First, methyl salicylate was one of the VOCs shown to elicit electrophysiological activity with the antennae of both pea aphids and parasitoids. Second, the quantities of methyl salicylate in headspace
samples were significantly less from plants unconnected to donors
compared to plants connected to donors and donors themselves.
Third, methyl salicylate had the highest loadings with PC3 from the
PCA, which was the principal component that correlated with
behavioural responses of both aphids and parasitoids. Finally, addition of synthetic methyl salicylate to attractive plant headspace samples at the amount naturally present in repellent samples, made them
repellent to aphids, providing clear experimental evidence that this
compound is a key driver of aphid behavioural responses. Methyl
salicylate has previously been shown to repel other species of aphids
(Hardie et al. 1994) and attract parasitoids (Sasso et al. 2009), and is
suggested to be a mobile signal that can be transported throughout
plant tissue in phloem sap to induce systemic acquired resistance in
tobacco plants (Shulaev et al. 1997; Park et al. 2007). Nevertheless, it
remains a possibility that other VOCs (e.g. those with high loadings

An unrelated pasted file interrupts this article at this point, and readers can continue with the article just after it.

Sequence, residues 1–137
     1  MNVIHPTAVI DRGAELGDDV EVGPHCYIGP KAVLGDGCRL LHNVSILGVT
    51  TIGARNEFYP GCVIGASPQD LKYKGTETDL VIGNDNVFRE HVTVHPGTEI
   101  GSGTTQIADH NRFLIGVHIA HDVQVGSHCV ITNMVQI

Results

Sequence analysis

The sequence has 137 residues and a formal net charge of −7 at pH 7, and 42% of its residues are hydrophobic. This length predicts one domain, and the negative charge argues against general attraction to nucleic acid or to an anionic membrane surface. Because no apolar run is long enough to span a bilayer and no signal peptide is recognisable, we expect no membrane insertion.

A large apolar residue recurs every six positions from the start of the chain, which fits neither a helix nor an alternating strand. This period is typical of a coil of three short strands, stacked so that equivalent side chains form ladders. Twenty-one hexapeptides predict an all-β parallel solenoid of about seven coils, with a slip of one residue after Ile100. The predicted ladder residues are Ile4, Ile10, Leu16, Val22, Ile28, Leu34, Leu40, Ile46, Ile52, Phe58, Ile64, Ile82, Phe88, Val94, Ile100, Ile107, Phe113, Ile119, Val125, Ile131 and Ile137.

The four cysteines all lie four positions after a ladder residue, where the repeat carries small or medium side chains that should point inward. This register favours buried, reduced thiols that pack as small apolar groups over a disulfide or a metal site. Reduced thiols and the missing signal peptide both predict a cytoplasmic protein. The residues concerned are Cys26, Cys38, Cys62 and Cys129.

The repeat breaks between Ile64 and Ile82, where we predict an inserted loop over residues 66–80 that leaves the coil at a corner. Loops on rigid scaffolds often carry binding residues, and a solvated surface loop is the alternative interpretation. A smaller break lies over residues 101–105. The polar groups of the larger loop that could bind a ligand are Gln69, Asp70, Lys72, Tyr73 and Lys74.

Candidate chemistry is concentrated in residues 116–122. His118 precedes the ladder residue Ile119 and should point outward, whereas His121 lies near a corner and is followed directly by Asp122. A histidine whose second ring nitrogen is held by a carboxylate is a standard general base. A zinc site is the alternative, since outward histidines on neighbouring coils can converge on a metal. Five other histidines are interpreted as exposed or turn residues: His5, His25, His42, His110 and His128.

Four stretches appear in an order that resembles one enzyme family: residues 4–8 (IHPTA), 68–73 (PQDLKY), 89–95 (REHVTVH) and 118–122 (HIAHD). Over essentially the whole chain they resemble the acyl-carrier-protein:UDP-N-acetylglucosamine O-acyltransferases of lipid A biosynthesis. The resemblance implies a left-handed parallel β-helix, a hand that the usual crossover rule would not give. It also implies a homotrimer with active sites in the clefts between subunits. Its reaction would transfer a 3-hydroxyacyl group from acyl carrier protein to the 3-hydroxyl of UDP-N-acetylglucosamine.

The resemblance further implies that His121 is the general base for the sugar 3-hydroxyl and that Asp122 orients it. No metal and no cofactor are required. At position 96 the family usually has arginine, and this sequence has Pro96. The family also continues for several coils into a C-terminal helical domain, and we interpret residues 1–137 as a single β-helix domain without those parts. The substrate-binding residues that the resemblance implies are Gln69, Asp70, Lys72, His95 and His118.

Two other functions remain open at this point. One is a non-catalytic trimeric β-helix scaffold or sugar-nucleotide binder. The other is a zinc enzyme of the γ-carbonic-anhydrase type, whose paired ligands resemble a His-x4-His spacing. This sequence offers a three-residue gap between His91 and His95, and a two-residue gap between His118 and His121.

in PC3) may also have a role in affecting insect behaviour, either individually or by interaction with other VOCs.
It was found recently that some commercial cultivars of maize have
lost their ability to produce herbivore-induced plant volatiles (Tamiru
et al. 2011). It is therefore important to determine whether selective
breeding of other important crops, such as beans, results in loss of
their ability to either perceive aphid-induced signals from mycorrhizal
fungi, or disrupt downstream signalling for production of VOCs.
Moreover, manipulation of VOCs released by crops has considerable
potential for pest control in the field (Xiao et al. 2012; Khan et al.
2010). Given the ubiquity of AM symbioses in herbaceous plants
including most major crops (Smith & Read 2008), our data suggest a
pressing need to determine the extent to which manipulation of common mycorrhizal mycelial networks can provide sustainable solutions
to manage insect pests. The role of mycorrhizal fungi in mediating
multitrophic interactions in agricultural ecosystems has largely been
overlooked, but our findings suggest that there may be potential to
develop fungal treatments to enhance crop protection.
ACKNOWLEDGEMENTS
This study was funded by a NERC open CASE award (NE/
G012008/1) with Rothamsted Research; LG was supported by the
Scottish Government’s Rural and Environment Science and Analytical Services Division (RESAS). Rothamsted Research is supported